3:AM: You say that the post-war social engineers experimented with projects such as “Usonia” (a portmanteau of US and utopia) in social housing. Yet much of the post-war US dreams of science and technology were steeped in demands for immediate practicality, efficiency and convenience (eg. labour-saving devices), while utopia was reserved for the God-less Communists the assembled system was predicated on opposing.
KH: I don’t really see any contradiction here. Such issues were being treated in terms of economic behaviour on both sides of the Cold War divide. As Vice-President Richard Nixon remarked to Soviet Premier Nikita Khrushchev, ‘Isn’t it better to talk about the relative merits of washing machines than the relative strengths of rockets?’ That was in 1959 during the course of their well-publicized ‘kitchen debate’ that took place in Moscow at a US trade fair – both of them were standing in a replica of the modern American kitchen at the time. Interestingly, both of them agreed that the technology of the period was apt to break down an awful lot and you couldn’t place any absolute trust in it. Once you pushed the button on a lot of the ‘labour-saving devices’ of the period, up to and including the nuclear strike capability of an entire nation, you had very little actual control over them. While finishing the revisions to Welcome to Mars, I was also writing a feature on the history of the RAND Corporation which I presented for BBC Radio 3 at the end of 2007. Paul Baran, the man who came up with the basic architecture of what would become the Internet in the early 1960s while working at RAND, told me that AT&T, who had a monopoly on the telephone system in the US, weren’t interested in the idea of a distributed network handling digital information. RAND were very careful, however, to make sure that the Soviets had access to Baran’s ideas because they wanted to make sure that the Russian command and control of its missiles was as secure as possible. Neither side could risk any mistakes occurring in the system. As Hebert Marcuse remarked at around about the same time as of all this is happening, the Enemy ‘is not in the emergency situation but in the normal state of affairs’. That’s classic games theory, by the way. Both sides had their own version of the other’s war gamers: they were both constantly second guessing each other’s command and control decisions. Khrushchev’s biggest disappointment during his reciprocal visit to the US in 1959 was that he had been forbidden to visit Disneyland because they couldn’t guarantee his security once he was inside the Magic Kingdom. Talk about the demands of utopia and those of the individual for instant delivery of gratification…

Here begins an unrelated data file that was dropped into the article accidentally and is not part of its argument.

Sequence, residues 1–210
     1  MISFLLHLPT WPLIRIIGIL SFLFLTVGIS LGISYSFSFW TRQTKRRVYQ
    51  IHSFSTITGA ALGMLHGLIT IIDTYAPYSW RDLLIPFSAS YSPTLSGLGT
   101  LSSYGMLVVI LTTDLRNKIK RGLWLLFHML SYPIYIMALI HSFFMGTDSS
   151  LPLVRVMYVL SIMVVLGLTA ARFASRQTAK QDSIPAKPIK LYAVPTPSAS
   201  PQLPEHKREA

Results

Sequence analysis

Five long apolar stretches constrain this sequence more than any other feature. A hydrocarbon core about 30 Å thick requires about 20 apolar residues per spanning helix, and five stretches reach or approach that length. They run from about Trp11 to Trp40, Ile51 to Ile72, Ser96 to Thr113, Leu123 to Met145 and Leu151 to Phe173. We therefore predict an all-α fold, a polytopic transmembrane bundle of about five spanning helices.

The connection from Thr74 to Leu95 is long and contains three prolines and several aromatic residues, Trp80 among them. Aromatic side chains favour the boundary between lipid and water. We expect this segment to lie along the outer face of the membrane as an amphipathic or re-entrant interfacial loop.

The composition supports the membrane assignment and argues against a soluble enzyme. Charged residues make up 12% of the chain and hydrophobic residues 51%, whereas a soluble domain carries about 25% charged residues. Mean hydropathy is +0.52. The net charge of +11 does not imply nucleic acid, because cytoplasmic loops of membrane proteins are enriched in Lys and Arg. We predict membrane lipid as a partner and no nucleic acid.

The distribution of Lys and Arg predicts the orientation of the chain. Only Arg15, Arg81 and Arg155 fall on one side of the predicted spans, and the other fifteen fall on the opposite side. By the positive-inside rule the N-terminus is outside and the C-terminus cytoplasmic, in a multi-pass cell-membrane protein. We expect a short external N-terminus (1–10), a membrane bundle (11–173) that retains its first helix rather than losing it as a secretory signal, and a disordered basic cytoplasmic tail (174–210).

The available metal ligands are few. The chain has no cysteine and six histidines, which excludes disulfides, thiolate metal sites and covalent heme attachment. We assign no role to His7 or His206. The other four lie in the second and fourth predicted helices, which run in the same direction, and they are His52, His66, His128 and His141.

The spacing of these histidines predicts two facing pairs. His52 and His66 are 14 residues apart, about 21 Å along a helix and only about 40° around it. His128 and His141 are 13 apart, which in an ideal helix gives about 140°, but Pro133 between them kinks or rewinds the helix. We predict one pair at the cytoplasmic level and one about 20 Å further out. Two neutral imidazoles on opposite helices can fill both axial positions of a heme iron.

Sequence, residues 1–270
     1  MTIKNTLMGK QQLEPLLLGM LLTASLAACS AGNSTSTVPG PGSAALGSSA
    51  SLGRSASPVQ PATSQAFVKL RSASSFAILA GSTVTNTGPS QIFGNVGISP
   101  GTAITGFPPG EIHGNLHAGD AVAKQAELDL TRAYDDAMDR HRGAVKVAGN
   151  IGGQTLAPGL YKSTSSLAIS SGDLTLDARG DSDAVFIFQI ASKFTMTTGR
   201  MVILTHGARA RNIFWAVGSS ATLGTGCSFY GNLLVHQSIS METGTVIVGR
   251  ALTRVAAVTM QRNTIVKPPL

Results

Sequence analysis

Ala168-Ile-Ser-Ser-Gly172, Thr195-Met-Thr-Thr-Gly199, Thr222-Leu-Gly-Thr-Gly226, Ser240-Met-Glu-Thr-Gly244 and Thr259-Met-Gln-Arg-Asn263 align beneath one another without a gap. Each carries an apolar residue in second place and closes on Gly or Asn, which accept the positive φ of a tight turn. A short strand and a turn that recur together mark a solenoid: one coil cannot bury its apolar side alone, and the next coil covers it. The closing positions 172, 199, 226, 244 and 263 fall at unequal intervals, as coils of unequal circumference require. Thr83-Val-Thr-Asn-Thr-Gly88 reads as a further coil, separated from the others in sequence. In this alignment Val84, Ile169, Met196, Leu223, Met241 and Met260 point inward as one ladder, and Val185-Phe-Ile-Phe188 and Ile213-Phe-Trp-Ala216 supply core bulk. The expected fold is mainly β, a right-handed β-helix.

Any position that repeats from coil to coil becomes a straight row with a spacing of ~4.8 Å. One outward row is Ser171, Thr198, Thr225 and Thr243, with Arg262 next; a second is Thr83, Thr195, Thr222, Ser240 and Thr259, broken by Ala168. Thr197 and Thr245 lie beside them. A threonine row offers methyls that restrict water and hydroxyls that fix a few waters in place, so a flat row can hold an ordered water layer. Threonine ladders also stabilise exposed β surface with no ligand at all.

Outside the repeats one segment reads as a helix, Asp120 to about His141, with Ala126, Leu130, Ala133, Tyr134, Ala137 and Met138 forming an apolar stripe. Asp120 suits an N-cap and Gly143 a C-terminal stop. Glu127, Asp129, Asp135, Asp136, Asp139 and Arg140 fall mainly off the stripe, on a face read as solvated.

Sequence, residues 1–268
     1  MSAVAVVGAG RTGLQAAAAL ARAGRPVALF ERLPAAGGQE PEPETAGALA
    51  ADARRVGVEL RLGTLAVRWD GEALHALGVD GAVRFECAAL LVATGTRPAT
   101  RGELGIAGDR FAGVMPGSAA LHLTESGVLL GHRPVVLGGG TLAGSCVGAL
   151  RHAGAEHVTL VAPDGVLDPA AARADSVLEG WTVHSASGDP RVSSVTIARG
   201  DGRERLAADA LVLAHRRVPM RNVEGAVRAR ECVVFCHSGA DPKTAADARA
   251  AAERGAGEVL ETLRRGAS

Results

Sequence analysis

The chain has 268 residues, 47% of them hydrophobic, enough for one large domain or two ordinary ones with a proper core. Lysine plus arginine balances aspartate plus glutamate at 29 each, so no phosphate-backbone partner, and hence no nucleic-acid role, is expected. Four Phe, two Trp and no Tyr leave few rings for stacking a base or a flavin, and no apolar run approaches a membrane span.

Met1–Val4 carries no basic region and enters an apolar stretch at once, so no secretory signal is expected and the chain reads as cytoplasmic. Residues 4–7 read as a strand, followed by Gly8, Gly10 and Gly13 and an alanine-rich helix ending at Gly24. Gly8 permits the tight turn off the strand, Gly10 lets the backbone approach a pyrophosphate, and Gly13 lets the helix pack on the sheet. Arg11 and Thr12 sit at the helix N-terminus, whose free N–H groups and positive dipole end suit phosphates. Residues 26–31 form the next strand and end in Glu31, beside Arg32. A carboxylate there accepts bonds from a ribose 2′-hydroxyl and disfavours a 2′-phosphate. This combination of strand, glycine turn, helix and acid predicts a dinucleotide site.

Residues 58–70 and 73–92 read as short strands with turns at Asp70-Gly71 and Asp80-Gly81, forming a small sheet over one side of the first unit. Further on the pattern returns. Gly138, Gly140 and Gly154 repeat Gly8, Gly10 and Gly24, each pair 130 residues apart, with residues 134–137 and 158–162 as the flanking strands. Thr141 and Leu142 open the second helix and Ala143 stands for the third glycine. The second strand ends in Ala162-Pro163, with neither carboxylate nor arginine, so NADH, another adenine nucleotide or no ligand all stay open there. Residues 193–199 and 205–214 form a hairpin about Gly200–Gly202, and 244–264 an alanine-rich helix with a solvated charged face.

3:AM: The line in The Day The Earth Stood Still, as near to the bone critique of the US in 1951 as the Hollywood system could allow, “I don’t care about the rest of the world.” is a projection of the film-maker’s despair at his countrymen’s casual indifference to mass slaughter and as you say “self-centredness”. However, as you also suggest, the decade was beginning to introduce a wider access to individual reward and immediate thrill through Huxley’s pronouncements on LSD and Kinsey’s research into sexual awareness.
KH: The first half of the twentieth century was, in the crudest terms, fought over, and with the aid of, the masses: an observation that applies across the political spectrum. With the rapid development of weapons technology at the end of WWII, not to mention faster delivery systems and more sophisticated communications media, the masses were being defended to the point of their own destruction. The National Highway Programme, which Barack Obama has been talking so much about recently, was entirely to do with the notion of dispersing the population defensively, taking them out of the major cities, along with their jobs and resources, and into Suburbia. It was essentially a wartime strategy. At the same time it isolated many individuals from the social centres to which they had traditionally been accustomed. They are consequently obliged to start looking at themselves and their environment in a completely new light. Suddenly the colour of the walls in their new lounge is important. It was now a question of establishing the right mood: the most conducive state of mind. Not surprisingly you find a lot of therapists, psychiatrists and social anthropologists getting interested in studying these new suburban inhabitants. Even less surprisingly, you find that the suburbs are also becoming a great place to test new drugs as well – particularly the first generation of tranquilisers. It therefore doesn’t surprise me to note that 1947 was not only the year in which Levittown, the first prebuilt suburban development programme in the US, opened its doors to the public but also the year in which Sandoz markets LSD as Delysid and the Kinsey Institute for Research in Sex, Gender and Reproduction is established at Bloomington Indiana.
What is perhaps most insidious about the period, however, is the extent to which personal happiness and individual pleasure are redefined in socioeconomic terms. Both had increasingly become matters of production and consumption by mid-decade. Ironically, it was still about big numbers: production was outstripping consumption. They needed more people buying more stuff. No wonder Elvis Presley, one of most spectacularly prodigious consumers to emerge from the 1950s, wound up dead on the toilet floor at age 42.
3:AM: Welcome to Mars documents the marriage between the Cold War paranoia and its accoutrements (the military-industrial complex, propaganda and rampant censorship/suppression) and the emergence of the Teenager, with its accoutrements (television, sci-fi comics and films). Did you make any decisions as to what proportion of each to include?